Trim Portable Manicure System

Trim Portable Manicure SystemTrim Portable Manicure System, $8

I had something similar to this cheap, battery-operated electric file years ago. The motor ultimately burned out, and I hadn’t seen a replacement until I came across the Trim Portable Manicure System while out and about.. Admittedly, I didn’t give the tool much scrutiny in the store when I picked it up. For under $8 and running on non-included AA batteries, my expectations were low.

First Impression

Upon unboxing the tool I confirmed that its construction matched its price-point. The body is made of cheap, lightweight plastic. The handle is long (read: awkward to handle), and it doesn’t seem as though the bits have a locking mechanism to hold them in place. The battery compartment was easily accessible, but there aren’t any markers to indicate which way to insert them. I determined that negative should face the bottom of the compartment, positive towards the top.

No dial, switch, or series of buttons means no variable speed control. This little guy is a one-speed.


To get started, you choose the bit you which to use and insert the metal end into the cavity in the top of the Trim Portable Manicure System. Unfortunately, there’s no reassuring click or snap to tell you its fully in place. Apply gentle pressure until it does not go further. Then, press the button to start up the device and ensure the bit spins adequately.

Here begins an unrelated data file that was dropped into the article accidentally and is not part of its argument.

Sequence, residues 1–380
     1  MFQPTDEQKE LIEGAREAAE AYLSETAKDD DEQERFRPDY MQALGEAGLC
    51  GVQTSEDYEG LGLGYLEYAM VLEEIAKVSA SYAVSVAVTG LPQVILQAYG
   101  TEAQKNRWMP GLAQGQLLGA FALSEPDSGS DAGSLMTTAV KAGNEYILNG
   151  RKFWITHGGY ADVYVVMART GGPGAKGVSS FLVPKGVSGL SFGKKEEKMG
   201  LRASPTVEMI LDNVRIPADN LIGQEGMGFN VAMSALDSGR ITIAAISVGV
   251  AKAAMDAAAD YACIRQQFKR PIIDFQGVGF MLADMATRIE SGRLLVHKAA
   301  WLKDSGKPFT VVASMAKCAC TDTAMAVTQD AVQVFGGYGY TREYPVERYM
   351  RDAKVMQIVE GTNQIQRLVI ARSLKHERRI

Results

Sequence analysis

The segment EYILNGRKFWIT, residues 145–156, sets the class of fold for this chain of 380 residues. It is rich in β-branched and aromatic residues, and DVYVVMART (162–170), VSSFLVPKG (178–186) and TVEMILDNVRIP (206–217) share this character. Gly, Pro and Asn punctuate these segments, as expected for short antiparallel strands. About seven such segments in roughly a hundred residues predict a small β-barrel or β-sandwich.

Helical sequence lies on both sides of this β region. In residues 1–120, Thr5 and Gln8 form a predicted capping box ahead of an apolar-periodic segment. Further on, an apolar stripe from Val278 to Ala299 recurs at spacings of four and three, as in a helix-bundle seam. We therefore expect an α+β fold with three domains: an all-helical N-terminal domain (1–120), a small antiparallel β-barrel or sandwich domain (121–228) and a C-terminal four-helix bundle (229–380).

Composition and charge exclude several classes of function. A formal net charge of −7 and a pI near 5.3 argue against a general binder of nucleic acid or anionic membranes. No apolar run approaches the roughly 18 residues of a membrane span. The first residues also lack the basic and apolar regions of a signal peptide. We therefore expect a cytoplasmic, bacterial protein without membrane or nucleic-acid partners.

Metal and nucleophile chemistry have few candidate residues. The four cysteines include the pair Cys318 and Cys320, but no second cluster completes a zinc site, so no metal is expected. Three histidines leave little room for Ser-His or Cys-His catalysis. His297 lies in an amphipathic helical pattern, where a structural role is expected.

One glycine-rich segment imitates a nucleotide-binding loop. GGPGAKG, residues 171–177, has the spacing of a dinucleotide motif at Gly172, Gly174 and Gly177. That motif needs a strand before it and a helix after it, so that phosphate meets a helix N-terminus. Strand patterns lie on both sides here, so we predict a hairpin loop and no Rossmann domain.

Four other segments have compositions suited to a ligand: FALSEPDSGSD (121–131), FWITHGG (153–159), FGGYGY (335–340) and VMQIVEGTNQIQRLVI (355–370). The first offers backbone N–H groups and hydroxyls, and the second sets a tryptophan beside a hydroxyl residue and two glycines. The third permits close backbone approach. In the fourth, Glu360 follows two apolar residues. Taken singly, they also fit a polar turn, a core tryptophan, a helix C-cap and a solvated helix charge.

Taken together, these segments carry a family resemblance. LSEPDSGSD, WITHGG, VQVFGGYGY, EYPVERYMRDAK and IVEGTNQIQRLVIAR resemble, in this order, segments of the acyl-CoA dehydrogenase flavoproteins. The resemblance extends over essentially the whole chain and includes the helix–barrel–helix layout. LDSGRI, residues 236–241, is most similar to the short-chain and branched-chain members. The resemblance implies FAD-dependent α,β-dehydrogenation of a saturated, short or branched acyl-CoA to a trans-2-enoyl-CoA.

Next, depending on your intended use, bring the bit to the surface of the nail. Using light pressure and constant movement, work the bit over the surface of the nail. Unfortunately, the Trim Portable Manicure System’s weak motor causes it to stop and skip, which is risky. Beyond that, without variable speed you can’t accomplish much.

The Bits

Five in total, it offers two light shaping bits, one (awkward) emery bit for filing and shaping, one buffing bit, and one metal bit marketed as a cuticle pusher.

Shapers – largely useless, these fine-grain bits lightly smoothed the surface of the nail, but do nothing for shaping.

Emery Bit –  Shape is a bit hard to describe, but you can see it (the pink bit) above. I tried to use this in both a manicure and a pedicure, but it just doesn’t have enough behind it to be useful.

Buffing Bit – Useless. It did give my nails somewhat of a sheen, but it was uneven. Due to the weakness of the motor, it was unable to buff the nails to a shine.

Metal Bit – The only truly useful one of the bunch, this bit claims to be for pushing cuticles back. In reality, it is good at shaping and filing, removing overgrown dead cuticle, and evening out the nail bed. It doesn’t buff, but that’s fine.

The Bottom Line

Don’t buy it. For $8 and my low expectations I’m not disappointed, but I wouldn’t recommend the Trim Portable Manicure System to, well, anyone. If you’re looking for something like this, it’s worth investigating a more robust tool.

Today in 2014: Nexus Therappe & Humectress